In October of 2012 the American Academy of Pediatrics gave neurofeedback their top rating in application to the behavioral symptoms of ADHD. This means that neurofeedback has met the highest standards currently being applied to the appraisal of psychosocial interventions. Although in our minds some kind of recognition could have happened—and should have happened—decades earlier, it was nevertheless surprising when it occurred.
ADHD? How could that be? My son would engage in video games for hours with no break in concentration. Robert wasn’t wiggly in class like the other ADHD kids. In fact, I suspected that ADHD might be a myth – an excuse for poor teaching or lack of parental discipline. I couldn’t understand how parents would let anyone put their kids at risk with narcotic drugs, no matter how unruly their behavior. All in all, I held a fairly typical attitude.
Something exciting is happening at The Salvation Army Bell Shelter in Los Angeles that I want to share with you this Veterans Day. It started this past May with a small group of veterans who volunteered to be part of a neurofeedback pilot study. The veterans were randomly selected to be either part of the treatment group or the non-treatment, waitlist group. For four weeks during the month of May, the veterans in the treatment group were given five 30-minute neurofeedback sessions. At the end of 20 sessions, five veterans in the treatment group were compared to five veterans in the non-treatment group. I am happy to report the results were astounding.
After serving in Iraq, wounded Marine Lance Corporal Chris Allen couldn’t shake images of losing his best friend after their Humvee was hit by an RPG; Chris was the sole survivor. He took shrapnel to his knee, thigh, and eye and, after returning home, he turned to alcohol to help numb the emotional and physical pain. Chris was experiencing the classic signs of Post-Traumatic Stress Disorder (PTSD). A fellow veteran and former Homecoming for Veteran participant at Neurofeedback – Train Your Brain (NTYB) convinced Chris to do neurofeedback.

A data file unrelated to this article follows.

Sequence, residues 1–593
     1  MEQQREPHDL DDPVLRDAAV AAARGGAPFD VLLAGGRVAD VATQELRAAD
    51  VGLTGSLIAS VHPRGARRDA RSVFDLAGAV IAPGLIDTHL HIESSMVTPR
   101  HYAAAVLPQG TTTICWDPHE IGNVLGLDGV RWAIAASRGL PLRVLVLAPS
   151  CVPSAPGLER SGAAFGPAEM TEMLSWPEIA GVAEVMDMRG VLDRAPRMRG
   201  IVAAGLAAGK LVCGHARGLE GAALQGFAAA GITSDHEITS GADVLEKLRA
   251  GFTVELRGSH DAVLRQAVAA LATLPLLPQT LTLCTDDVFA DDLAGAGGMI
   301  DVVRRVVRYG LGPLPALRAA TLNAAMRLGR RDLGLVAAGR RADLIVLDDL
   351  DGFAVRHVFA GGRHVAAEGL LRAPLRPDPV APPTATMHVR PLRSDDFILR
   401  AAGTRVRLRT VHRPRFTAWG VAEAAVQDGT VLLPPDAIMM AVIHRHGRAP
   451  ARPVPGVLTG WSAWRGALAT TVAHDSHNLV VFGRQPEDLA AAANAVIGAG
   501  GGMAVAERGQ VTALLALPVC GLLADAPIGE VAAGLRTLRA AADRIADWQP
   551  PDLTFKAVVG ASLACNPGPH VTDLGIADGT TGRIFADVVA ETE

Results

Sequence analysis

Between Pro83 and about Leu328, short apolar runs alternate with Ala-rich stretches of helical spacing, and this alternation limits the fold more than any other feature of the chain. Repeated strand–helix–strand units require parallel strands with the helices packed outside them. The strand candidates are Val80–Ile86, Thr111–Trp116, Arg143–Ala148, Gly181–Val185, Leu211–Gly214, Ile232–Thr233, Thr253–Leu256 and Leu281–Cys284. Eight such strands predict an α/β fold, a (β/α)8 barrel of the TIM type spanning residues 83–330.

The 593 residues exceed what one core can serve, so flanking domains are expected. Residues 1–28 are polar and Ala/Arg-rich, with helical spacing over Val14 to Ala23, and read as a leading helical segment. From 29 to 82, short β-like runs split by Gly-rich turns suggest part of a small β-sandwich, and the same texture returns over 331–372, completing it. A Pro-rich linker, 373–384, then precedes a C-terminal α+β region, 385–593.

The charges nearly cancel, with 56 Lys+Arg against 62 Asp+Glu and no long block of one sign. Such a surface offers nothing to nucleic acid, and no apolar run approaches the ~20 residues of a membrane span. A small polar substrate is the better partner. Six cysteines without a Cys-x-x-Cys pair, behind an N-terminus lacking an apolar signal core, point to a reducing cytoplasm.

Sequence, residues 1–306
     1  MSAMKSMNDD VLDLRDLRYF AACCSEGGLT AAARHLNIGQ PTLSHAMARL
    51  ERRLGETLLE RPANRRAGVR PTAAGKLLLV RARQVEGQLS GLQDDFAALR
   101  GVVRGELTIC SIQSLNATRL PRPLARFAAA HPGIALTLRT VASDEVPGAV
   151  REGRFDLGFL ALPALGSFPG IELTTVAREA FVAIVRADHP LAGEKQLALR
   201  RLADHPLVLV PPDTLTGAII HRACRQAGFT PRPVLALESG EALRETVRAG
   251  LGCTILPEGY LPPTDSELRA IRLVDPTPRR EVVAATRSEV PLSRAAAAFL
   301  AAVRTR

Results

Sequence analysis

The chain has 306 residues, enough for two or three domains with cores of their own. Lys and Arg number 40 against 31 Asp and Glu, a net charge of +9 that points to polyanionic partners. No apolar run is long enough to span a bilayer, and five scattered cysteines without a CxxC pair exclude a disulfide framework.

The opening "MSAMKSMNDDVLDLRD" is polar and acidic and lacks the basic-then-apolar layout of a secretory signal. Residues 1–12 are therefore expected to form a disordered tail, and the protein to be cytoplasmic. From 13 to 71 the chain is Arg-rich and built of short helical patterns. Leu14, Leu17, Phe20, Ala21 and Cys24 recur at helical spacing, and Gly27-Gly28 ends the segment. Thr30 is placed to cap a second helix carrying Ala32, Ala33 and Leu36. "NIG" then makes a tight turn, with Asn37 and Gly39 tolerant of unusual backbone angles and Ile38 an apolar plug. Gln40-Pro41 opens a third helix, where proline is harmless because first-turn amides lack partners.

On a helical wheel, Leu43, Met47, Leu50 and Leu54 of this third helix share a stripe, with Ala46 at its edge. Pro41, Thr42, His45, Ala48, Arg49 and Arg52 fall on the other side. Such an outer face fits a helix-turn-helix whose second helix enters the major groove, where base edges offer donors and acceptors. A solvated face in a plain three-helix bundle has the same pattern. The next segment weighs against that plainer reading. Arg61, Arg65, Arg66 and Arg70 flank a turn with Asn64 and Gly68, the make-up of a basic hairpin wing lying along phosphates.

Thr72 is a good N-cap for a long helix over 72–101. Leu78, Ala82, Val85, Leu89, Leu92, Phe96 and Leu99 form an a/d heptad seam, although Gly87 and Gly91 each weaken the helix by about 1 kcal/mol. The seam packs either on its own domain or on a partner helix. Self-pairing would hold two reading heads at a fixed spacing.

Most of those who enter the Armed Forces benefit from the training experience, and would agree that life in the military allowed them to improve in their personal competence and skills to a greater degree than if the same amount of time had been spent in civilian life. On the other hand, it is also likely that combat experience exacts a price in a large minority, if not the majority, of service members. This is not easily accepted because it is difficult for any of us to confront our own shortcomings. The burden military discipline imposes is to take full responsibility for one’s own performance. When that is not possible, denial is the likely response. You want to own the problem by any and all means, and go from there.